Once Upon a River
Bonnie Jo Campbell
hardcover, 348 pages
now also available in paperback
My copy was borrowed from the library at the school where I work. My apologies to the students whose papers I didn't grade while I was reading this book...
Like Mark Twain's Huckleberry Finn, Margo Crane lives on a river and rebels against the notion of being "civilized." In her superb novel Once Upon a River, Bonnie Jo Campbell uses mythology overlaid by a gritty and earthy reality to explore one young woman's journey toward herself.
The female hero at the heart of this gripping and dreamlike novel is Margo Crane, a sharpshooter with a stolen rifle whose role model is Annie Oakley. When Margo is caught up in a violent and tragic family incident, she runs away--but not very far. Like Huck Finn, Margo hides on a river--in this case it is the Stark River, and then the Kalamazoo River. Like Odysseus she is trying to go home--in this instance to her runaway, neglectful mother.
Once Upon a River is firmly rooted in the landscape (and riverscape) of Michigan, and Margo is a creature of the land and the river...but mostly the river. When the novel begins Margo is just fifteen years old, and by the end of the novel she is eighteen, an adult by legal standards. But Margo, whose grandfather liked to call her Sprite, or River Nymph, is both painfully young and naive, and ancient and wise. She is an abandoned daughter who can live off the river, feeding herself with the deer she shoots and the fish she catches. She says very little and observes a great deal, and in Once Upon a River nature and her denizens assume a mythic importance. This is a novel where a golden retriever catches fish in his muzzle, a deer holds a bird in his mouth, and a heron swoops from the sky and fishes a gleaming rifle from the river. Magic and nature are intertwined, and the prose is as supple and lucid as a dream.
Margo Crane is stripped of everything trivial and extraneous. As she travels through the novel she meets many characters, most of them men, and most of them intent on using her in one way or another. Margo learns about life as she goes along, never content to accept the morality or the rules of the civilized world. Like Huck Finn, she is puzzled by the ironies and hypocrisies of the modern world. At moments Margo seems both savage and tender, but she is always startlingly brave and true.
I really don't even have the language to express just how much I loved this novel, and how much I loved the character of Margo. I put my life on hold while I was reading Once Upon a River, irritated at the intrusion of everyday life as I sank into the beautiful, almost surreal, dreamlike world of the book. Then, as I neared the end of the novel, I deliberately slowed my reading pace, unwilling to let the book end. Once Upon a River is definitely one of the best books I've read this year, and I am currently devouring Bonnie Jo Campbell's stories. Campbell also has another novel, Q Road, which is set in the same landscape as Once Upon a River, and whose plot intersects with the later novel's in ways I won't go into here.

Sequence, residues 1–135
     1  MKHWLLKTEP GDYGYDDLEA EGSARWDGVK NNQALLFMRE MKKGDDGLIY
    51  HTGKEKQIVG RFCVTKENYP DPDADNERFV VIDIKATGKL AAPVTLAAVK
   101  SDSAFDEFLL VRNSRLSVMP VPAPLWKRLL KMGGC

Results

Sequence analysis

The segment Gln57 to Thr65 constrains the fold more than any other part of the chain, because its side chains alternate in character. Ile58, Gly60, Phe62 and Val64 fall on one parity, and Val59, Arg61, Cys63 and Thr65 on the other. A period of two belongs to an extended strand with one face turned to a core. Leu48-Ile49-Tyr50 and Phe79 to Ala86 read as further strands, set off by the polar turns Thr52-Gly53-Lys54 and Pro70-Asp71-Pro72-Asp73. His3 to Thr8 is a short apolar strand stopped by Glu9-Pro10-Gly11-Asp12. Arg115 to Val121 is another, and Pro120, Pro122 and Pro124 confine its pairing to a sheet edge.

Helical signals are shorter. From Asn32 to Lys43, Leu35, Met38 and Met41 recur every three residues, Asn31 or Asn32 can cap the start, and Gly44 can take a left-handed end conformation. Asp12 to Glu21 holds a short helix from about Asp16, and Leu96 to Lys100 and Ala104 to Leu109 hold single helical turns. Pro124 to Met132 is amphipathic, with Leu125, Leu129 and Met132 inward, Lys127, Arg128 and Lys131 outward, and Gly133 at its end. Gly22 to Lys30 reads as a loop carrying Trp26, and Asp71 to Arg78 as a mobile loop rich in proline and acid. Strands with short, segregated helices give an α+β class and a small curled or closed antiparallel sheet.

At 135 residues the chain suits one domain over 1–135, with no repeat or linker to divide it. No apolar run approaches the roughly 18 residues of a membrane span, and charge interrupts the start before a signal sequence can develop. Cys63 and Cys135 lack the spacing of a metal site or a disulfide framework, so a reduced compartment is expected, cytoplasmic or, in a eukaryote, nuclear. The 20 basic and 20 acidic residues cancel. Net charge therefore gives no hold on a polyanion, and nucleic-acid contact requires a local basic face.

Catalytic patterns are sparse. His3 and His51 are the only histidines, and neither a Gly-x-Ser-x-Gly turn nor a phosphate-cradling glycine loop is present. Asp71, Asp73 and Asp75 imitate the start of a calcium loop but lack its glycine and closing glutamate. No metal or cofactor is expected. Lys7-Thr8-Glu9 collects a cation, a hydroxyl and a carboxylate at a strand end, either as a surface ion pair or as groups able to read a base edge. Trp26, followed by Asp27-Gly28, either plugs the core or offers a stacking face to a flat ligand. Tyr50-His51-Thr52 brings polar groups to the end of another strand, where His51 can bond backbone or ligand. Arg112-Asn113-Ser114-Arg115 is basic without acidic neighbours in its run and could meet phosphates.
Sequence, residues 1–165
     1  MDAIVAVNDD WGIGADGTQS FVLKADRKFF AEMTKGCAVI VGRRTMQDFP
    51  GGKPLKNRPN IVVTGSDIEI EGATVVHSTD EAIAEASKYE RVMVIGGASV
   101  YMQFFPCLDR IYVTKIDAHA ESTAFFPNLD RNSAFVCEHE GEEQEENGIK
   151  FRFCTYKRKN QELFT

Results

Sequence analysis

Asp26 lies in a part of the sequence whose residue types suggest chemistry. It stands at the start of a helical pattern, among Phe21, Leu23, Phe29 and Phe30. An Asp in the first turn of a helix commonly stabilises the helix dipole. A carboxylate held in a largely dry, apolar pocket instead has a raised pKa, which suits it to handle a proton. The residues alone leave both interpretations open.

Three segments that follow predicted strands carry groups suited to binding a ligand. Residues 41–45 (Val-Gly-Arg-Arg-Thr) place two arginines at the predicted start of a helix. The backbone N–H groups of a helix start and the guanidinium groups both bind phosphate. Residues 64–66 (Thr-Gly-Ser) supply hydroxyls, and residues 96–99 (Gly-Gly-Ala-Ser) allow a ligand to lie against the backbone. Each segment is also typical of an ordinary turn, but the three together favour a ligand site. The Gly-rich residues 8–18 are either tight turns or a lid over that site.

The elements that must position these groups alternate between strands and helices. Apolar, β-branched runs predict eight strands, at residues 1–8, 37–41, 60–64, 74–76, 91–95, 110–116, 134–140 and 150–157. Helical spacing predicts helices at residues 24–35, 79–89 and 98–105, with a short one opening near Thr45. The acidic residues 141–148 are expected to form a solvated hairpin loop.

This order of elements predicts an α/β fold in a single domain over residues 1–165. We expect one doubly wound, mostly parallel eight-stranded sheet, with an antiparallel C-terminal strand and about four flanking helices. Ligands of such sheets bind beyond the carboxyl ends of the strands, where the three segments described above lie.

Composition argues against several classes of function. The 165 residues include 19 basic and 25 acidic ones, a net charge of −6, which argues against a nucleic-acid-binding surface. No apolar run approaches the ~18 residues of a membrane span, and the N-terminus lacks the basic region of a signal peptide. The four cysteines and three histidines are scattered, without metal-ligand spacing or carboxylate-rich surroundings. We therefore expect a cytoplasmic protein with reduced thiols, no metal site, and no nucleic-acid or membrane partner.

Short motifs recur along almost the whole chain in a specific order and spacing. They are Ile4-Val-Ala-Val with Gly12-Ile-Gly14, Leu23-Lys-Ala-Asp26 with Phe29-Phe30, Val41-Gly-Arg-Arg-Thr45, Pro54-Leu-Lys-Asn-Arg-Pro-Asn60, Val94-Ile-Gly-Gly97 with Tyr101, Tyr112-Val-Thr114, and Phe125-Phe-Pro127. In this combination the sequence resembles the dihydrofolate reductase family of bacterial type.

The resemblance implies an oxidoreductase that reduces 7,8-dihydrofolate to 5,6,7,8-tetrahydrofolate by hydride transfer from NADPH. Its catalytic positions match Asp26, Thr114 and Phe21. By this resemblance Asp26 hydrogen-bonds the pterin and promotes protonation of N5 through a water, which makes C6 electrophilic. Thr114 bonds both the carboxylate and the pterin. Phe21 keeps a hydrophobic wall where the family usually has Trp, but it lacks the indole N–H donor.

It is a great pleasure for a reader to find a writer whose work you can delve into, assured of the riches you will encounter. For years I've been reading and hearing about Bonnie Jo Campbell, and now I'm wondering what took me so long.... I'm looking forward to reading every word she's ever written.
Sounds lovely, like the kind of thing I could lose myself in. Is the connection to Huck Finn intentional?
This sounds fantastic! The title immediately drew me in, and the plot sounds really interesting; I really like the mythological tones you describe, as well as the physical and mental journal Margo takes. I need to read this!
Thank you for this book. I could hardly breathe while reading it, so much was I pulling for her to find her way. It reminded me a bit of Winter's Bone but Margo is more bound to nature and the river, which gives an elemental purity to the story.
Your apology, a comparison to Huck Finn and the word "superb" in the first couple of paragraphs had me adding this one to my wish list before I even finished your review!
@Jennifer-I suspect the connection to Huck Finn is intentional--any American novelist who sets a novel on a river invites the comparison, but in this case it seems to be an homage to Twain (I think!)...
@Leah-You really do need to read this book!
@Betty-I am so pleased that you read and loved this book!
@Lisa-This is one book I am recommending to everyone!
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